ppl – A Command Line Address book For Linux

ppl - A Command Line Address book For Linux

A while ago, we have reviewed a command line tool called “GooBook” which is used to access google contacts from the command line. Using GooBook, you can access and view all Gmail contacts. Today, we are going to discuss a similar tool called “ppl”. It is a free command line address book that allows you to store your contacts in Unix-like operating systems. To simply put, ppl is developed for the people who wants to keep and maintain their address book  from command line.

ppl – A Command Line Address book For Linux

Installing ppl

Since ppl is built on top of Ruby and Git, you need to them first. To Install Ruby on your Linux box, refer the following link.

Next, install Git on your Linux system.

On CentOS:

$ sudo yum install git

On Ubuntu:

$ sudo apt-get install git

After installing Ruby and Git, run the following command to install ppl.

$ gem install ppl

Sample output:

 Fetching: colored-1.2.gem (100%)
 Successfully installed colored-1.2
 Fetching: inifile-2.0.2.gem (100%)
 Successfully installed inifile-2.0.2
 Fetching: i18n-0.8.1.gem (100%)
 Successfully installed i18n-0.8.1
 Fetching: polyglot-0.3.5.gem (100%)
 Successfully installed polyglot-0.3.5
 Fetching: treetop-1.4.15.gem (100%)
 Successfully installed treetop-1.4.15
[...]
 Done installing documentation for colored, inifile, i18n, polyglot, treetop, mime-types, mail, morphine, rugged, greencard, ppl after 23 seconds
 11 gems installed

If you encountered with an error something like below:

ERROR: CMake is required to build Rugged.
*** extconf.rb failed ***

Install Cmake package as shown below.

On CentOS:

$ sudo yum install cmake

On Ubuntu:

$ sudo apt-get install cmake

After installing, Cmake re-run “gem install ppl” command.

Recommended DownloadFree eBook: “Git Tutorial”

Usage

ppl usage is fairly simple. Have a look at the following examples.

Create Address book

Let us create an address book to store all contacts.

To do so, run:

$ ppl init ~/mycontacts

This command will create a folder called mycontacts in your $HOME folder. You can use any location of your choice for your address book and also you can create any number of address books.

Add contacts

We have created an address book. Now, let us add some contacts. To do so, go to your address book folder (i.e mycontacts in our case):

$ cd ~/mycontacts

Add the contacts one by one as shown below.

$ ppl add apj "Abdul Kalam"
$ ppl add sk "Senthil Kumar"

Similarly, you can add as many contacts as you want. All contacts will be stored in vcard address book (vcf) format.

Store contact details

We have added contacts. Let us add the contact details such as Email, Phone number etc.

To do so, run:

$ ppl email apj [email protected]
$ ppl email sk [email protected]
$ ppl phone sk 0123456789
$ ppl org sk "OSTechNix"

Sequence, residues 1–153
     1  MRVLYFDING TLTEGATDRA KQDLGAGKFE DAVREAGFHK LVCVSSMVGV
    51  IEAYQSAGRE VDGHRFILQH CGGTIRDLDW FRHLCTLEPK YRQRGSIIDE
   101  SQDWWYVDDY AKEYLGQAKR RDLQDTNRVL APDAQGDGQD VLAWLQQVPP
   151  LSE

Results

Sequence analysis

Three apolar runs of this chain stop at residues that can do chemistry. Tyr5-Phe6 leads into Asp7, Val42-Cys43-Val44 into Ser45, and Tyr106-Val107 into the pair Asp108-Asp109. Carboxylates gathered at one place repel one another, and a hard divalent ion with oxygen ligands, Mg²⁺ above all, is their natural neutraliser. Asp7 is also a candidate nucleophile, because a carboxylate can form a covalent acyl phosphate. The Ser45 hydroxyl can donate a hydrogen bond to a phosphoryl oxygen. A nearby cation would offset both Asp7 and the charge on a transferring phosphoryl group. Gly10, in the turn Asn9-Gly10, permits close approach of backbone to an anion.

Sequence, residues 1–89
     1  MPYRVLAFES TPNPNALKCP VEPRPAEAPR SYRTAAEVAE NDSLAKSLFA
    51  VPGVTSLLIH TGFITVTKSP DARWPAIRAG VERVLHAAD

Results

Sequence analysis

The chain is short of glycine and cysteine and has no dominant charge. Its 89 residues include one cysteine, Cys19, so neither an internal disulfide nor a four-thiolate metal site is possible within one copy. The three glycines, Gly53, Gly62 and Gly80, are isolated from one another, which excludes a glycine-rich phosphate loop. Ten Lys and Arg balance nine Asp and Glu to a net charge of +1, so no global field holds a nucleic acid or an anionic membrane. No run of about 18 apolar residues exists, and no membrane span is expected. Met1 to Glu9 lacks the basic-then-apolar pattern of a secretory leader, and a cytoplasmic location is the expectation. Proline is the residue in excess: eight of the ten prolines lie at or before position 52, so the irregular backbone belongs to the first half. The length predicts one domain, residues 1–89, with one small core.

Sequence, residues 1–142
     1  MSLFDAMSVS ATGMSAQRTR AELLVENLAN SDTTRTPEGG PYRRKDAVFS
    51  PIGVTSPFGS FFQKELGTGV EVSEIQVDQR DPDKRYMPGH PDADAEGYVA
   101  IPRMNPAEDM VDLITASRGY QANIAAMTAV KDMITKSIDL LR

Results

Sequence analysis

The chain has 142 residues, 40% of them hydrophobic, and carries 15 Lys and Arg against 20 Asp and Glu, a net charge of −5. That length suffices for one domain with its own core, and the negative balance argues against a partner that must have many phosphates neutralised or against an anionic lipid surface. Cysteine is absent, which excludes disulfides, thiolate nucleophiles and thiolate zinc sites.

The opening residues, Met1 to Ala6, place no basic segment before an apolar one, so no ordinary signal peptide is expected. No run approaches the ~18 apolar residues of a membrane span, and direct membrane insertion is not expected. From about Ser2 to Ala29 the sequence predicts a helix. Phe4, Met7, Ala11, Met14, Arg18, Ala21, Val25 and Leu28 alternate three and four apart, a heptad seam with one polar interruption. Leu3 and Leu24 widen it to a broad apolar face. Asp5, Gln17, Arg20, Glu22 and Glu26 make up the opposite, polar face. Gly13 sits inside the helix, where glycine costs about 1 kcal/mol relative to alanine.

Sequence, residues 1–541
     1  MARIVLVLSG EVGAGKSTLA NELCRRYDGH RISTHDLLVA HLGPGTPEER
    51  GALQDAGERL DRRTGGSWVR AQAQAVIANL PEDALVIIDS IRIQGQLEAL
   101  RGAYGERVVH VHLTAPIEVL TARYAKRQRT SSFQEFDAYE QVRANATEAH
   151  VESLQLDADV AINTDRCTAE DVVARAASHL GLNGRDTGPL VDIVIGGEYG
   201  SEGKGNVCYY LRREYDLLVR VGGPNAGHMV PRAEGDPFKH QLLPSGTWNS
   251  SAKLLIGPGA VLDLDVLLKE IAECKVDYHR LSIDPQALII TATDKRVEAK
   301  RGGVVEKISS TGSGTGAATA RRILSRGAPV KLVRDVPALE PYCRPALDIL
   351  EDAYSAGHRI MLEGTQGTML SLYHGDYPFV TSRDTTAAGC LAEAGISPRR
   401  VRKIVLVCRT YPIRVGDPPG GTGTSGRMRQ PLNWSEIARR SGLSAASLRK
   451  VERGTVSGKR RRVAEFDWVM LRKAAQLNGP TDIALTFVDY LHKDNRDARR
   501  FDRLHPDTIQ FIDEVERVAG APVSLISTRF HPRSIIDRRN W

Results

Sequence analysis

Show a contact details

To view/show a contact details, run:

$ ppl show sk

Sample output:

Senthil Kumar <[email protected]>

Organizations:
 OSTechNix

Email Addresses:
 [email protected]

Phone Numbers
 0123456789

List all contacts

To view all list of contacts in your address book, run:

$ ppl ls

Sample output would be:

apj: Abdul Kalam <[email protected]>
sk: Senthil Kumar <[email protected]>

Edit contacts

Just in case, if you made mistake in contact details, you can edit and correct them as well.

To change a particular contact’s ID, say for example apj, run:

$ ppl mv apj missileman

This command changes the contact ID apj to missileman.

To verify it, list the contacts:

$ ppl ls

Output:

missileman: Abdul Kalam <[email protected]>
sk: Senthil Kumar <[email protected]>

As you see above, the ID apj has been renamed to missileman.

Similarly, you can change the contact’s name as shown below.

$ ppl name Senthil Kumar "Palani"

The above command will change the name “Senthil Kumar” to “Palani”.

It’s also possible to change a contact’s Email id.

$ ppl email sk [email protected]

And, we can add/edit the date of birth of a contact too.

ppl bday apj 1931-10-15

Search address book

You can search through your address book with a particular search term to find out the details of a specific contact as shown below.

$ ppl grep senthil

The above command will search on the address book for all contacts that matches with the search term “senthil”.

Sample output:

sk.vcf:EMAIL:[email protected]

Delete contacts

To remove any contacts, just run:

$ ppl rm sk

Set default address book

Some of you might want to keep multiple address books for various purpose. I used to keep two address books, one for personal contacts, and another one for professional contacts.

In such cases, you can define your default address book for storing contacts. To do so, create a file called pplconfig:

$ vi ~/.pplconfig

Add the following lines. Replace ~/mycontacts with your own path.

[address book]
path = ~/mycontacts

This tells the ppl utility to save all contacts in the default address book (i.e~/mycontacts) even after you cd into another directory.

For more details, refer ppl documentation guide.

And, that’s all. Hope this helps. If you find our guides useful, please share them on your social, professional networks and support OSTechNix.

Cheers!

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